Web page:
1) Modest, multi-month breakouts in energy, industrials, materials, techs. Don't be fooled by the low volume and lack of wild trading ranges. Lower volatility, and a shift into economically sensitive stocks and out of defensive names, are all positive signs. S&P 500 up 6 of the last 8 trading sessions.
2) Mortgage rates below 5% as the Treasury continues to buy mortgage-backed securities.
3) Corporate bond demand picks up. GE Capital successfully floated $10 billion in FDIC-backed bonds--the biggest deal since the FDIC-backed program began in November. More offerings expected from Devon ,Brown Forman , Tyco, and others.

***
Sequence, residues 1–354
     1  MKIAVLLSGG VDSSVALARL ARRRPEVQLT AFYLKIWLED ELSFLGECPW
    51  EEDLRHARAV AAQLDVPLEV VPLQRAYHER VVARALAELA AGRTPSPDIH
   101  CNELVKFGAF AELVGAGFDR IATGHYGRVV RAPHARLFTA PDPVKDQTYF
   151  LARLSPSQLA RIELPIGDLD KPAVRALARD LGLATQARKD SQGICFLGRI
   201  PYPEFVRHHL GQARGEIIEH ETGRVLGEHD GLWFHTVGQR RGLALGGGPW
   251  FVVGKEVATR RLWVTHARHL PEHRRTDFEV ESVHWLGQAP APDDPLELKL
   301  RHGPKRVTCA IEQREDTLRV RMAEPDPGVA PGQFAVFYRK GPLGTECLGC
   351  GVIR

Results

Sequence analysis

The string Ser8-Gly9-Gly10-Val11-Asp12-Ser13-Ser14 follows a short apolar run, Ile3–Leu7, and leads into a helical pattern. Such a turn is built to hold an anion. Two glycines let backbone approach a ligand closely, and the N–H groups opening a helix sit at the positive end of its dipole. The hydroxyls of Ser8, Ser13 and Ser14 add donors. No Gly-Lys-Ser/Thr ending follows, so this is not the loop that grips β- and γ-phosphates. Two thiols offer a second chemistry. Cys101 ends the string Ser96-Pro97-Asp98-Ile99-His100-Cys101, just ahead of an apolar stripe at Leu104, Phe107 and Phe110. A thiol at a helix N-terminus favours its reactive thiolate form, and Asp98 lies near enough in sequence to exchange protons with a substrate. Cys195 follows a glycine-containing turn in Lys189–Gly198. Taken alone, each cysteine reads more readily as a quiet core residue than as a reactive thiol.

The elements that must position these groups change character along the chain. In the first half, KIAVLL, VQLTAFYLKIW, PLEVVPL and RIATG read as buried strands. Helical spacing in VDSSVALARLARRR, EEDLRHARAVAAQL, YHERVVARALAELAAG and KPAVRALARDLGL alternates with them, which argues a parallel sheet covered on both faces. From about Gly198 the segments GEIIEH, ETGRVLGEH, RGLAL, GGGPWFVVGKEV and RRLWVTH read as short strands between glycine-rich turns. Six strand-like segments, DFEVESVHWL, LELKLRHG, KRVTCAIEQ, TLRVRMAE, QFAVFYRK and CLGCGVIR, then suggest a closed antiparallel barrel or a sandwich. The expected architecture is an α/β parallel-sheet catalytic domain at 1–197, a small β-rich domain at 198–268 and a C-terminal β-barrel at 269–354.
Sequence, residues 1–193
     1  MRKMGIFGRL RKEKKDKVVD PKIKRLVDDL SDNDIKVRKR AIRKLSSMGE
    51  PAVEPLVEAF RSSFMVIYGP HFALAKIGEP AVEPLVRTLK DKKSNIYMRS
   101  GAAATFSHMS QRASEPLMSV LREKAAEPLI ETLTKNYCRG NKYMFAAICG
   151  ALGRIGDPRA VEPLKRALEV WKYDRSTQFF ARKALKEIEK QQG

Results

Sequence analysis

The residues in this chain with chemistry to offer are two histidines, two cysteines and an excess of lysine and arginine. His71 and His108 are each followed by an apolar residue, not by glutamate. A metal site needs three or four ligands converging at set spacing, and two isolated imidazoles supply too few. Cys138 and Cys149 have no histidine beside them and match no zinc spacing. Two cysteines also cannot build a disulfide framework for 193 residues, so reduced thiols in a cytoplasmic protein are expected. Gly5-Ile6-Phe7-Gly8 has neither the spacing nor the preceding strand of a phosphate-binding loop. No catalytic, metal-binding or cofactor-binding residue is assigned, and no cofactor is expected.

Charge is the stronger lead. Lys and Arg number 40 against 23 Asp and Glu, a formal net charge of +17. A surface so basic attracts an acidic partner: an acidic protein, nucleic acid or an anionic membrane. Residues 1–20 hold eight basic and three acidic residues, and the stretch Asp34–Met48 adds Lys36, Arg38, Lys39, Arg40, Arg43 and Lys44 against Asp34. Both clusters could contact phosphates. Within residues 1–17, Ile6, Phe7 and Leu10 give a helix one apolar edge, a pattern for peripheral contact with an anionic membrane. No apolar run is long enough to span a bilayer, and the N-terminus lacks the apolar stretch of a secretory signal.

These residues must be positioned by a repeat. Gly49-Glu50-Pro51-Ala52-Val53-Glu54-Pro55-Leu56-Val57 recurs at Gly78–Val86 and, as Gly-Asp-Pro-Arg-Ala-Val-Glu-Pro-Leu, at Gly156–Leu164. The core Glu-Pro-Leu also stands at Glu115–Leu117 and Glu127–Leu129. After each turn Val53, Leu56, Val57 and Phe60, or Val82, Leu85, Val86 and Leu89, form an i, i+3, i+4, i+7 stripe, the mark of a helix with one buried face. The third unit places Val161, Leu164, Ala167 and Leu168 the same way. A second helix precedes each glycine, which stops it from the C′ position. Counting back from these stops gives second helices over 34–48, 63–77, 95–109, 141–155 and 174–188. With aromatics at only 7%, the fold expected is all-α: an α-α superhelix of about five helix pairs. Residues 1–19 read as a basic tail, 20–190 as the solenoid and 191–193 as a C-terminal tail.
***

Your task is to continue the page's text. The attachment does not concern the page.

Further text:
4) Reflation signs--a successful TIPS auction, rising commodity prices all signs that some believe modest reflation is on the horizon.
And...a reality check. Ken Lewis at Bank of America telling employees he expects final results for 2008 to be below expectations, according to the WSJ.
But hold on, the Street has also been taking down expectations. Today, RBC Capital said that banks would bottom in 2009, but not before banks see additional problems with commercial and industrial loans. Still, non-performing assets should peak at the end of 2009 or beginning of 2010. They also expect additional pressure to cut or eliminate dividends.
Yesterday, Mike Mayo at Deutsche Bank took down 2009 and 2010 estimates for JP Morgan .
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